The syntax for defining a variable is Dim variable name. You can optionally assign an initial value to a variable by using the syntax Dim variable name = initial value. You can also declare multiple variables with syntaxes like Dim variable name 1 = value 1, variable name 2 or Dim variable name 1 = value 1, variable name 2 = value 2. Likewise, you can define constants (which are just variables whose values cannot change throughout the runtime of a process) with the syntax Const name 1 = value 1, name 2 = value 2.
You can create calculations involving multiple variables and fixed data, and this calculation is called an expression. Since the value of a variable can change over time, the value of an expression can also change. After writing an expression, its values are only computed when the process reaches the line of code where the expression is located, and the computation uses the values of the variable when the process reaches the line of code.
For example, x + 2 is an expression. We cannot calculate the value of this expression if we do not know the value of x. If the process reaches x + 2 and finds that the value of x is 3, then x + 2 evaluates to 5.
Of course, some expressions have meaningless calculations. For example, dividing a string is meaningless, but when we are writing the expression, it is unclear what the value of each variable is, so we cannot immediately determine that this expression is problematic. We can only realize this mistake during runtime, and so Laiye RPA will throw runtime exceptions and exit from its process.
When writing a program, we usually write one line of code after another, expecting the program to run each line one after another, from top to bottom. However, this is often not flexible enough. For example, we might want to determine whether a certain condition is true during runtime and then decide whether to execute a certain statement based on this condition. This is a conditional statement.
Conditionals are written differently in different programming languages, but the general form is the same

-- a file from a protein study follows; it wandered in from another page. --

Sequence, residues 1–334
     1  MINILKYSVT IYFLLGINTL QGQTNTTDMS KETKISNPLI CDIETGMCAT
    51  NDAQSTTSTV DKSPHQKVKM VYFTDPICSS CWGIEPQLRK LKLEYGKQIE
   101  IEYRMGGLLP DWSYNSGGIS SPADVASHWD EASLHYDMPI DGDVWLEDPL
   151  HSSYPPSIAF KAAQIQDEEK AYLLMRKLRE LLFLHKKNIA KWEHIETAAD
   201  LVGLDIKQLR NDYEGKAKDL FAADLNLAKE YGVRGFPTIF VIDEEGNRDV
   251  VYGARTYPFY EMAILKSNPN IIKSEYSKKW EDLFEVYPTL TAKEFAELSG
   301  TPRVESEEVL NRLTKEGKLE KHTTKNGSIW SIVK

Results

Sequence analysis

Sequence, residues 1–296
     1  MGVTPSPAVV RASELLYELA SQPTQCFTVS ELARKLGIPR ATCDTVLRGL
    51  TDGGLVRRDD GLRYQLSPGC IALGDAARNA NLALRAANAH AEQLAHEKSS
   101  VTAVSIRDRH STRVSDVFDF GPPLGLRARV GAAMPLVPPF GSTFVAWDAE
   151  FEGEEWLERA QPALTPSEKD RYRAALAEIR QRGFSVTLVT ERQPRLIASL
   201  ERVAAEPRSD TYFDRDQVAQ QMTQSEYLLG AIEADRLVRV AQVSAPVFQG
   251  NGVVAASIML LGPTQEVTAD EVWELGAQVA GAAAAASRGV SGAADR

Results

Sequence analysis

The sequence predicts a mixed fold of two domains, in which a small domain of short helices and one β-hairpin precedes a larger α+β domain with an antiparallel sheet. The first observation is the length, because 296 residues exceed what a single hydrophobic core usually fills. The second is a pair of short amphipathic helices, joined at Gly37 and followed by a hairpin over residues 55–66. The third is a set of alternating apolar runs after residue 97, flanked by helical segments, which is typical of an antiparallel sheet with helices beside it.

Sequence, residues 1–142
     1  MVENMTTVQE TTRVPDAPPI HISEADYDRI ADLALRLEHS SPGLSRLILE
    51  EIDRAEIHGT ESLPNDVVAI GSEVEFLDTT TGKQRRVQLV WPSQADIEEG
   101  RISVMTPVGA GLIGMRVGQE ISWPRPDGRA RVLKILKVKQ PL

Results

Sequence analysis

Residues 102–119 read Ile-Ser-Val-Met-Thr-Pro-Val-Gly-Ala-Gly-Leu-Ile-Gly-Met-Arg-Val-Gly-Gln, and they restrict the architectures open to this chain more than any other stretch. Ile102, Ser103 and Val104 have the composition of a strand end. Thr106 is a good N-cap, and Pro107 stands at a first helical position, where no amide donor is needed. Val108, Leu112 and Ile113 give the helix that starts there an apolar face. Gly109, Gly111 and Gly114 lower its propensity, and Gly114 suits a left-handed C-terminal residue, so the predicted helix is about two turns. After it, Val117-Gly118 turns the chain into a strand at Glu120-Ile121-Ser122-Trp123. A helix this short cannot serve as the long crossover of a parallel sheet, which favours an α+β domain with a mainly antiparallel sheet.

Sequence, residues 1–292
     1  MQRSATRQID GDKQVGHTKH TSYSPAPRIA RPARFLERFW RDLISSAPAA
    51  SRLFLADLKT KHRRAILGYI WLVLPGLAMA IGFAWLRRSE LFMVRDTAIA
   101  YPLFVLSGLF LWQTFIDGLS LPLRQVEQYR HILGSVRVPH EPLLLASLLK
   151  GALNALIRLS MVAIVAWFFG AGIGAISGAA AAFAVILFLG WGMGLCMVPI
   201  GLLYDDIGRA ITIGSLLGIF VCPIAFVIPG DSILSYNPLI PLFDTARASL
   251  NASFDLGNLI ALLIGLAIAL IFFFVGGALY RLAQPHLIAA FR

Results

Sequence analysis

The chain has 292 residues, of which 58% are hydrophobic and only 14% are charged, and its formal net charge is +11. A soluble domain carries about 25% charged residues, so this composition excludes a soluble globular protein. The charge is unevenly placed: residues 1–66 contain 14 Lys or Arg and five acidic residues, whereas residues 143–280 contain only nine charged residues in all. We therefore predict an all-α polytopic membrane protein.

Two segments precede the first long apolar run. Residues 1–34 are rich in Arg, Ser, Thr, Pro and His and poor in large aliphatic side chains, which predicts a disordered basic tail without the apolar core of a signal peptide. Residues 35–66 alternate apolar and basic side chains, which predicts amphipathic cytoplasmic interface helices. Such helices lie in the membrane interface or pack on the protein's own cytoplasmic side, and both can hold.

If <expression>then Statement1 Statement2 End Conditional
When the program reaches the If line, it evaluates the expression, which should yield a Boolean value. If the expression evaluates to a non-Boolean, it is often converted to a Boolean value. Based on the condition’s value, the program decides whether to run the statements between the If line and the End Conditional line. In this example, this includes Statement1 and Statement2. Only if the value evaluates to true will the program execute the statements. Otherwise, it will skip through them.
We often encounter conditionals when writing programs. Take the following example:
Send email If the email is not sent successfully, then Report the failure to users End Conditional
The conditional expression should evaluate to True when the email is not sent successfully, and it would cause our program to report the error. Oftentimes, when a conditional is behaving incorrectly, it is because the conditional expression is not evaluated correctly. In this example, the command to send an email would typically assign to a variable whether the email is sent successfully, and we can simply use this variable as the conditional expression.
The syntax of a loop is similar to that of a conditional.
Loop when <expression> Statement 1 Statement 2 End Loop
Similar to a conditional, a loop first evaluates the expression when the program reaches the line Loop when <expression>. If the expression evaluates to False, then the program will skip to End Loop without executing the lines in between. If the expression evaluates to True, then it will first execute the enclosed lines (Statement 1 and Statement 2 in this example) and loop back to the line Loop when <expression>, repeating this process.
This allows us to use a loop to instruct our computer to complete repetitive tasks. For example,
Send email Loop when the email is not sent successfully Try to send email again End Loop
tries to resend the email indefinitely until the email is sent successfully. Similar to a conditional, the most important part of a loop is setting up its expression. If we make a mistake and cause the condition to always evaluate to True, then this results in an infinite loop that the program cannot get out of. You must manually interrupt the program in this case.